First, it's important to understand why interviewers often pose this question to job candidates. Here are three possible reasons: 1) To get to know you better and see what you really care about, which might tell them if they'd like to work with you and if others at their company would like to work with you. It's a sort of 'Do you fit the company culture?' test to see if you're compatible with others at the company; 2) To find out if you're a hardworking person and to determine if you're a committed follow-through type of person. Note that the “passion” question is never about the passion itself. Rather, it's about what you do with that passion: where you take it, how you incorporate it into your life, and how it might apply to the job you’re interviewing for; and 3) To try to understand the depth of your thought process and if you care and are passionate about weighty things or simplistic things. This doesn't mean you need to be passionate about existential philosophy, but it's important to show to your interviewers that you're a serious person and have the ability to problem solve and think deeply, thoroughly, and broadly.
With all that in mind, and before we get to what a good answer to the passion question might look like, it's also important to talk a little about the word "passion." "Passion" is an overused and often misunderstood word, which is partly why people have such a problem answering the passion question, and why they believe they might not have any passions.
To get at what a passion is, it's easier to begin with what a passion doesn't necessarily have to be. It doesn't have to be your life's work. It doesn't have to be the one thing you hold higher in importance than all others in your life. It doesn't have to be the one true love of your life. It doesn't have to be something incredibly weighty. And it doesn't have to be something that you do every day.
As for what a passion could be, it could be something you like to do very much but don't get to partake in all that much. It could be something you do in your free time. It could be a so-called hobby and not related to your career. And it could be something abstract. For example, it could be competition, solving problems, storytelling, learning, or standing up for the oppressed.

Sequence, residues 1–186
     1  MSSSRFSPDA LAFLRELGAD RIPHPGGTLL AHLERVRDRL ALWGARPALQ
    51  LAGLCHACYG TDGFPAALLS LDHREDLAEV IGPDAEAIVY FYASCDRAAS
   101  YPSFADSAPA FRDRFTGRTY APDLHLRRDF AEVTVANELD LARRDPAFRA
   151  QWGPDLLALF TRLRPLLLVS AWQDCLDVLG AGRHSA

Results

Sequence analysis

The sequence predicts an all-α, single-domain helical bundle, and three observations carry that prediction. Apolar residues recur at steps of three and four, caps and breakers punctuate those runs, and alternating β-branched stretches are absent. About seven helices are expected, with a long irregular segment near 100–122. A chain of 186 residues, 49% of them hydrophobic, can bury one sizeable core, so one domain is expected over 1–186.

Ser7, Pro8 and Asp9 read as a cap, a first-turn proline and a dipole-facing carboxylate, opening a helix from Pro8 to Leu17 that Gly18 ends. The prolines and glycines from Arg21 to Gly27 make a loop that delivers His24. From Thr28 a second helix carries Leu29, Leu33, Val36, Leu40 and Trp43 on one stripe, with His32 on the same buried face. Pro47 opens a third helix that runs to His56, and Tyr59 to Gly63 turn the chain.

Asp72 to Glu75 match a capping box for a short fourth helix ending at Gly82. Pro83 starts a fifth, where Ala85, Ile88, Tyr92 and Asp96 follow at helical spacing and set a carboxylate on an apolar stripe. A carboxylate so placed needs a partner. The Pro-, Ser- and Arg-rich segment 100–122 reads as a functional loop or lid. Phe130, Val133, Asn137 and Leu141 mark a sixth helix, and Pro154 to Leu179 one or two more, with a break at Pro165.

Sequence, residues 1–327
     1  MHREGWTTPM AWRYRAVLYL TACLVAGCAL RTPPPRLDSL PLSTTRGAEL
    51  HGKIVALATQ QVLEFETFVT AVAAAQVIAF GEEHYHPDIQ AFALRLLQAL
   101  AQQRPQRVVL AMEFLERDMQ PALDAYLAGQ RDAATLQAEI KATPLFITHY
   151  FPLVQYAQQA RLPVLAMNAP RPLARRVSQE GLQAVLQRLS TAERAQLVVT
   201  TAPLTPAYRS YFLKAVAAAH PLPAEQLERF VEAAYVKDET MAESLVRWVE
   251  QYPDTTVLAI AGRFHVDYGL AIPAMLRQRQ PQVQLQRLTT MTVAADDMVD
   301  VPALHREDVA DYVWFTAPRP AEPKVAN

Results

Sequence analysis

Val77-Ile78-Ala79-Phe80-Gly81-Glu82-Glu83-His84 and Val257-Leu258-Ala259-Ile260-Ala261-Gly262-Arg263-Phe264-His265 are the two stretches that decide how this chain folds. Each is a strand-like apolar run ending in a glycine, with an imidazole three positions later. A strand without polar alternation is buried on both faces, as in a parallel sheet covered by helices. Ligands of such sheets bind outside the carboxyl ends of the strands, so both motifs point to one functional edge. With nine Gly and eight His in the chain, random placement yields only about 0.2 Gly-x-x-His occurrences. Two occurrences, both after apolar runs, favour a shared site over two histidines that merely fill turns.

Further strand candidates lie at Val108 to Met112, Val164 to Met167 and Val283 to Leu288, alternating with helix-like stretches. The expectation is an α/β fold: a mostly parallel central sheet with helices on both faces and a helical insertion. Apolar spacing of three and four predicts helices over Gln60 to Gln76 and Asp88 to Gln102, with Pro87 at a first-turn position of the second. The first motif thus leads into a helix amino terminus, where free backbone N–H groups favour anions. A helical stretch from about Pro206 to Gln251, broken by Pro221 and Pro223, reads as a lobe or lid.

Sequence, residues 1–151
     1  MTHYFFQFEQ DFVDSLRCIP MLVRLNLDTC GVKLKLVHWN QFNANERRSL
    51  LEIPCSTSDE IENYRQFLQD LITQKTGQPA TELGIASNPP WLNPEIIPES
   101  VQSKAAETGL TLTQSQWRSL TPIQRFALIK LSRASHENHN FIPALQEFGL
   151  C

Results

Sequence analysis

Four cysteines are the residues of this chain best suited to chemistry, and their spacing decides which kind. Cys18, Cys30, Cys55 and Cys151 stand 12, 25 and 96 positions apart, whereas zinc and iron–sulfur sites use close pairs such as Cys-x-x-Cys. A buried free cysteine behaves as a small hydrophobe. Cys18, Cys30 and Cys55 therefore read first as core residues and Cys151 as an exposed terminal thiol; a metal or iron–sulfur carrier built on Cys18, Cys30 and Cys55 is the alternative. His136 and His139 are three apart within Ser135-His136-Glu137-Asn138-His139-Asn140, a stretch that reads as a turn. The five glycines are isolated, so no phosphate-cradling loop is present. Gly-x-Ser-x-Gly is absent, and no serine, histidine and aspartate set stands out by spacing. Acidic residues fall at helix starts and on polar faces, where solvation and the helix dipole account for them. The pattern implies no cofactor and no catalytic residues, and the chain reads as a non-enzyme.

Now that you have an idea what interviewers are trying to determine when asking about your passions, and what a passion is and isn't, it's time to decide on a passion to give your interviewer. As mentioned above, you should be prepared to talk at length about your passion since there will likely be follow-up questions about your passion. And so, as a first step, make sure your "passion" is something you feel comfortable with talking about for a long time. Which is to say, make sure it's something you know quite a bit about, could hold a conversation about for several minutes to an hour, and make sure it's something that excites you (you definitely don't want to come across as not all that excited about something that you say you like a fair amount).
Next, make sure it's something that'll get across a quality of yours that you'd like your interviewer to know about and that will help your job candidacy. This should go without saying, but never forget that the intention behind everything you say and do in an interview is to get the job (or at least, get to the next round of interviews). You want to highlight why you'd be a good fit for the job and excel at the job. And the passion question is a perfect place to help differentiate you from other candidates.
Finally, make sure you answer honestly. This should also go without saying, but there is a tendency (an understandable one) to give your interviewers answers you think you should give them as opposed to answers that are honest.